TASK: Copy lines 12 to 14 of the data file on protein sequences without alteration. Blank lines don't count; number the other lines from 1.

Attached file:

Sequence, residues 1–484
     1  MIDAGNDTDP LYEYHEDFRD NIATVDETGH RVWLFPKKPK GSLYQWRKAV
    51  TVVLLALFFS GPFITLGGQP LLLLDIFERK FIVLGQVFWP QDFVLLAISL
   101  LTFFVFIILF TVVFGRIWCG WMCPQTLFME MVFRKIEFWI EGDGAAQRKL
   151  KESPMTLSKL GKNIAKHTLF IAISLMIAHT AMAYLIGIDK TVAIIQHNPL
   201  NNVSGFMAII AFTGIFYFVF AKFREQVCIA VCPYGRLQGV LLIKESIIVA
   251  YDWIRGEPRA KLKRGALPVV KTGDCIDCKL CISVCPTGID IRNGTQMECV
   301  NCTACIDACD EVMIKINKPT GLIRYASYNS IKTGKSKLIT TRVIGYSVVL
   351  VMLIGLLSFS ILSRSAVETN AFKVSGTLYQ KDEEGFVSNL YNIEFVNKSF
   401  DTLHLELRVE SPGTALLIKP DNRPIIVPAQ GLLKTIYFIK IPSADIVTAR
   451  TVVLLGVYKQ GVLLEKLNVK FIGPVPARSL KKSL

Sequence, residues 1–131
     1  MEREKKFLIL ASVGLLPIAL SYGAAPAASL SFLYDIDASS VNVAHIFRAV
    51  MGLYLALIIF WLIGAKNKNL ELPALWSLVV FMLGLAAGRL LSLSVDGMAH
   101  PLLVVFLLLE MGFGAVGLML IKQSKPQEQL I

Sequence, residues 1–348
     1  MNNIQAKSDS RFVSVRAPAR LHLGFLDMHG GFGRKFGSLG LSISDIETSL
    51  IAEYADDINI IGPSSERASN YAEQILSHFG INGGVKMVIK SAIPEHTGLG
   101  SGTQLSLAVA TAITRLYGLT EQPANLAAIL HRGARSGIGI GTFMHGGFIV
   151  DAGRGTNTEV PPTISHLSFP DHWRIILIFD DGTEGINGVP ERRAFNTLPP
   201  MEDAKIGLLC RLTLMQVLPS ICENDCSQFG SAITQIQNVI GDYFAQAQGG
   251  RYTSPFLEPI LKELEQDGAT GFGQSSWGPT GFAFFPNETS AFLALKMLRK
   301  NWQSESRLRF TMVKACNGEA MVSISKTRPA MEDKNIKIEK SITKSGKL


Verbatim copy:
Sequence, residues 1–131
     1  MEREKKFLIL ASVGLLPIAL SYGAAPAASL SFLYDIDASS VNVAHIFRAV
    51  MGLYLALIIF WLIGAKNKNL ELPALWSLVV FMLGLAAGRL LSLSVDGMAH